1. Provide reassurance and allay anxiety by staying with the client during the acute episodes of respiratory distress.
Anxiety increases dyspnea, the work of breathing, and the respiratory rate.

2. Change the client’s positioning every 2 hours, and perform chest physiotherapy.
These maneuvers facilitate the movement and drainage of secretions.

3. Position the client in a high-Fowler’s position as indicated.
An upright position allows for adequate diaphragmatic and lung excursion and promotes optimal lung expansion.

4. Assist with coughing or suction as indicated.
Productive coughing is the most effective way to remove moist secretions. If the client is unable to perform independently, suctioning may be needed to promote airway patency and reduce the work of breathing.

5. Maintain an oxygen administration device as ordered.
The appropriate amount of oxygen must be delivered continuously so that the client maintains an oxygen saturation of 90% or greater.

6. Anticipate the need for intubation and mechanical ventilation.
Early intubation and mechanical ventilation are recommended to prevent full decompensation of the client. Mechanical ventilation provides supportive care to maintain adequate oxygenation and ventilation for the client.


Recommended Resources

Recommended nursing diagnosis and nursing care plan books and resources.

Disclosure: Included below are affiliate links from Amazon at no additional cost from you. We may earn a small commission from your purchase. For more information, check out our privacy policy.

Ackley and Ladwig’s Nursing Diagnosis Handbook: An Evidence-Based Guide to Planning Care
We love this book because of its evidence-based approach to nursing interventions. This care plan handbook uses an easy, three-step system to guide you through client assessment, nursing diagnosis, and care planning. Includes step-by-step instructions showing how to implement care and evaluate outcomes, and help you build skills in diagnostic reasoning and critical thinking.

Nursing Care Plans – Nursing Diagnosis & Intervention (10th Edition)
Includes over two hundred care plans that reflect the most recent evidence-based guidelines. New to this edition are ICNP diagnoses, care plans on LGBTQ health issues and on electrolytes and acid-base balance.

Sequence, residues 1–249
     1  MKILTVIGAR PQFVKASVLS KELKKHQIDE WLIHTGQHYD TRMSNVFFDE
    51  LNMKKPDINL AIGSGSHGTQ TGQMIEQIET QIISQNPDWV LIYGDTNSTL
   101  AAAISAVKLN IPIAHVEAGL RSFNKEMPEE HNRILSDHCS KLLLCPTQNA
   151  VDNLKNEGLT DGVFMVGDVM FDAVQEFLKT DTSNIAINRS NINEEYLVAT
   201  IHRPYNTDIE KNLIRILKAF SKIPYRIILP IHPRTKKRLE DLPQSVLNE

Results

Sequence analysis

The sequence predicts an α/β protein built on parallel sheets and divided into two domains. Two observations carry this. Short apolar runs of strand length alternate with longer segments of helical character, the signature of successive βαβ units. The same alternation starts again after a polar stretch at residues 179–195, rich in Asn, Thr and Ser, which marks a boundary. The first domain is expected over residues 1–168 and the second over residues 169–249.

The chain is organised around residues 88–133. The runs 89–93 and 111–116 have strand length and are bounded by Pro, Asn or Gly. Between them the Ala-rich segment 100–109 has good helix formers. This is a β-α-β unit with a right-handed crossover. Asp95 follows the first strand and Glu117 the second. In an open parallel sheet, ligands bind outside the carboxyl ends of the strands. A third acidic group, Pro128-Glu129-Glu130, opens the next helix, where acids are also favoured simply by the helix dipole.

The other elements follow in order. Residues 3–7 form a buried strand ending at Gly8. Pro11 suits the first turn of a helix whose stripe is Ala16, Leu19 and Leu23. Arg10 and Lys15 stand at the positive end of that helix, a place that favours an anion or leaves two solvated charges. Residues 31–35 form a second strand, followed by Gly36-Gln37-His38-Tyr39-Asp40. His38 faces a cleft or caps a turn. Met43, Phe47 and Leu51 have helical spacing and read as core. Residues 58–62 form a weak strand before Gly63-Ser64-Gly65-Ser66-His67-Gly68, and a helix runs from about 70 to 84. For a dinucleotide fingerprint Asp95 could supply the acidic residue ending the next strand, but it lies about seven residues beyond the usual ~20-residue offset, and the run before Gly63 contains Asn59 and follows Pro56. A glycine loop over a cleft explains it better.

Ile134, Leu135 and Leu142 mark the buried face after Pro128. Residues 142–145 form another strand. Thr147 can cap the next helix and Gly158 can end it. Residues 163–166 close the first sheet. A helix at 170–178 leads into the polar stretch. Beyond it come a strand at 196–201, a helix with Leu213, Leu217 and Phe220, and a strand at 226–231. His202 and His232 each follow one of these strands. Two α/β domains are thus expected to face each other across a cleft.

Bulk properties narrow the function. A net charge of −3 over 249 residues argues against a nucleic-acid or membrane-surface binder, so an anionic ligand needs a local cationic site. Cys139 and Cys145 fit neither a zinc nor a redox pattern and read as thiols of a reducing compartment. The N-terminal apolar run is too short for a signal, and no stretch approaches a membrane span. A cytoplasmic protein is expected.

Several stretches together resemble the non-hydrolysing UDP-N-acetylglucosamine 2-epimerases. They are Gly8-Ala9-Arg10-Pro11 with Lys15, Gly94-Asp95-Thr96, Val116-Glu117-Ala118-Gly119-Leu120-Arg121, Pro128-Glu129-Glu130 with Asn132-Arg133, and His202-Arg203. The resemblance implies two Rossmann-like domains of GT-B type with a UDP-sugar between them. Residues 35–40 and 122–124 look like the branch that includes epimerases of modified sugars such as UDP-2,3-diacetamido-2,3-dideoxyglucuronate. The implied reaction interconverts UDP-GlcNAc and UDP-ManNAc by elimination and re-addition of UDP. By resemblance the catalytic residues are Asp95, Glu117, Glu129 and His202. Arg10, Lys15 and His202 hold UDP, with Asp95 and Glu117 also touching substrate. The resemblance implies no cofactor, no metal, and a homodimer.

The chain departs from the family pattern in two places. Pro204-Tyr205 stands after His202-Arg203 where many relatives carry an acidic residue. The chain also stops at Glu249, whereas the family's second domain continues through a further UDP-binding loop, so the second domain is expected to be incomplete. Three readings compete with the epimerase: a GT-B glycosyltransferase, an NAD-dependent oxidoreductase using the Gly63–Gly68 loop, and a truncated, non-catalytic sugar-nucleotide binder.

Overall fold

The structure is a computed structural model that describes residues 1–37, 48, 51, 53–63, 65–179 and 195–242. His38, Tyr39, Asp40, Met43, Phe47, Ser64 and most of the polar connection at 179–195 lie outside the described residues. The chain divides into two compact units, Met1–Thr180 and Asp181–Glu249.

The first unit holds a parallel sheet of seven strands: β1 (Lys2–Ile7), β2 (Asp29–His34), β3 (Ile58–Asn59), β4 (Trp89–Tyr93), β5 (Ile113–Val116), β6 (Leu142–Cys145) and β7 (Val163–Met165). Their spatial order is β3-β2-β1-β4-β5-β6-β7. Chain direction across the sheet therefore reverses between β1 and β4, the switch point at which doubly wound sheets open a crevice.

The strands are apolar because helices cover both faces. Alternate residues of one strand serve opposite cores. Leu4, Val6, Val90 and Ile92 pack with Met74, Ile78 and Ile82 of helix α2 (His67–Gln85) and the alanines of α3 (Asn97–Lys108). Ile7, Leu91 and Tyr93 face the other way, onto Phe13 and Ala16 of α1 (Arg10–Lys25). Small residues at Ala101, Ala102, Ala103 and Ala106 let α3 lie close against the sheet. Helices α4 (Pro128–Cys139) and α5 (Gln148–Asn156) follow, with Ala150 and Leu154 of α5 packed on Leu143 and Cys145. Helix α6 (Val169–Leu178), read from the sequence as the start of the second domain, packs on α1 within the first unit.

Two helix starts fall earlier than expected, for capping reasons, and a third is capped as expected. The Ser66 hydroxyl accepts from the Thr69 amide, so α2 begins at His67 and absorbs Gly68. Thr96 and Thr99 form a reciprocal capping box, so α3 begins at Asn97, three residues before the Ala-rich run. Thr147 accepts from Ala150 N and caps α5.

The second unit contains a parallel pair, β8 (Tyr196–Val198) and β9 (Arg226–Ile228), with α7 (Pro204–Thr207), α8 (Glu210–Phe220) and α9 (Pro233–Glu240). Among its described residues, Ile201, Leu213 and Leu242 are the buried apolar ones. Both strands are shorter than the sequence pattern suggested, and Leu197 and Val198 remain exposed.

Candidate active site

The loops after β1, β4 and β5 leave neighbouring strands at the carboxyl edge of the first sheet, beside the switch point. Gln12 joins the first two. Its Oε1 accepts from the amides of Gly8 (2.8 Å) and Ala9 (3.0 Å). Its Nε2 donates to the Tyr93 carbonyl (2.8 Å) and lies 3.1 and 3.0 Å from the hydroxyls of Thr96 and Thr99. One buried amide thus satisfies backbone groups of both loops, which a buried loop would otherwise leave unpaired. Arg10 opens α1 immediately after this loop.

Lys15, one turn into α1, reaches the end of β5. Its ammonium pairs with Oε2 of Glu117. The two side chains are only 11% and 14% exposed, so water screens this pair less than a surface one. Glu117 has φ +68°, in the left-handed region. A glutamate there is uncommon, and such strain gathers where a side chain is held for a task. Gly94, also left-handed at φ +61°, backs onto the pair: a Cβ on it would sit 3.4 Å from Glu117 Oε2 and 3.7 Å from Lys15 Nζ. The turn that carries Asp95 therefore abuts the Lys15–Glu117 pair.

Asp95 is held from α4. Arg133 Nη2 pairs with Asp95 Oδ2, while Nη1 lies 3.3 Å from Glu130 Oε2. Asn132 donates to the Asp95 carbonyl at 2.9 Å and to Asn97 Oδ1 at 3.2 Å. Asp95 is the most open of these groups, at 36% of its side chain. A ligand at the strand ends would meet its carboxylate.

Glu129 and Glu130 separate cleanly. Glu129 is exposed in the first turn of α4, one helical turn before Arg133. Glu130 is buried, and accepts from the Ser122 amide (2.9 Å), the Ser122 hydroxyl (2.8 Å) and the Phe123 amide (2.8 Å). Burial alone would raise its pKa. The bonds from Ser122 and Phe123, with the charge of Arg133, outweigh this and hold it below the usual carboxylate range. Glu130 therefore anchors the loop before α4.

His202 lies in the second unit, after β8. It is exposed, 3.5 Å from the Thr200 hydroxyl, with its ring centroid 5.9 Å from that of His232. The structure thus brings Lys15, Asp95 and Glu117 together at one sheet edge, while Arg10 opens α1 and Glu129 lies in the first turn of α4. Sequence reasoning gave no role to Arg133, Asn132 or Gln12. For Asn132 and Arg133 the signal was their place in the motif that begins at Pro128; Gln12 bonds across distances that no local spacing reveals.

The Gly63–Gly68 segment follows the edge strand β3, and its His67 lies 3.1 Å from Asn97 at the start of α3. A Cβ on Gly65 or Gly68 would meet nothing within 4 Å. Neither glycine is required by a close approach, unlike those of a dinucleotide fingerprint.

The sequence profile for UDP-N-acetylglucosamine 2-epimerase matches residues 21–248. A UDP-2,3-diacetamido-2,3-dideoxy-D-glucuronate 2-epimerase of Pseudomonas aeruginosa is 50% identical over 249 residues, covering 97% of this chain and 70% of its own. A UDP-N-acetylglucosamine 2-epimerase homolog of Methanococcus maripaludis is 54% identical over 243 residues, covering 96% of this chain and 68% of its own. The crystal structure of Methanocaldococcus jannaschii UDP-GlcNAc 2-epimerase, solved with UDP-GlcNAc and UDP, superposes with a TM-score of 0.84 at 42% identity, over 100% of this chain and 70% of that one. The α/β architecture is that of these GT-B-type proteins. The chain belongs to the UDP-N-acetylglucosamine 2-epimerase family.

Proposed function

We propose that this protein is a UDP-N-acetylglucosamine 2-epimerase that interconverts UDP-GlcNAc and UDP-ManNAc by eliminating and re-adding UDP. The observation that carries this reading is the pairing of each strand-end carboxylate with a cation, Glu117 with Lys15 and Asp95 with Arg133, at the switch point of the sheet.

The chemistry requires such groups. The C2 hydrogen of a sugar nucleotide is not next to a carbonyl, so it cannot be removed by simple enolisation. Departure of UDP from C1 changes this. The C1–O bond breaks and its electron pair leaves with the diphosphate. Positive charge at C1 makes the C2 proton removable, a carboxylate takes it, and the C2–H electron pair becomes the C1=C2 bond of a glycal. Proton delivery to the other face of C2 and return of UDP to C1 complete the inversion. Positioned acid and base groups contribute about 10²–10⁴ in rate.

NANDA International Nursing Diagnoses: Definitions & Classification, 2021-2023
The definitive guide to nursing diagnoses is reviewed and approved by the NANDA International. In this new version of a pioneering text, all introductory chapters have been rewritten to provide nurses with the essential information they need to comprehend assessment, its relationship to diagnosis and clinical reasoning, and the purpose and application of taxonomic organization at the bedside. A total of 46 new nursing diagnoses and 67 amended nursing diagnostics are presented.

Nurse’s Pocket Guide: Diagnoses, Prioritized Interventions, and Rationales
Quick-reference tool includes all you need to identify the correct diagnoses for efficient patient care planning. The sixteenth edition includes the most recent nursing diagnoses and interventions from NANDA-I 2021-2023 and an alphabetized listing of nursing diagnoses covering more than 400 disorders.

Nursing Diagnosis Manual: Planning, Individualizing, and Documenting Client Care 
Identify interventions to plan, individualize, and document care for more than 800 diseases and disorders. Only in the Nursing Diagnosis Manual will you find for each diagnosis…. subjectively and objectively – sample clinical applications, prioritized action/interventions with rationales – a documentation section, and much more!

All-in-One Nursing Care Planning Resource – E-Book: Medical-Surgical, Pediatric, Maternity, and Psychiatric-Mental Health 
Includes over 100 care plans for medical-surgical, maternity/OB, pediatrics, and psychiatric and mental health. Interprofessional “patient problems” focus familiarizes you with how to speak to patients.

See also

Other recommended site resources for this nursing care plan:

Other care plans for hematologic and lymphatic system disorders:


Paul Martin R.N. brings his wealth of experience from five years as a medical-surgical nurse to his role as a nursing instructor and writer for Nurseslabs, where he shares his expertise in nursing management, emergency care, critical care, infection control, and public health to help students and nurses become the best version of themselves and elevate the nursing profession.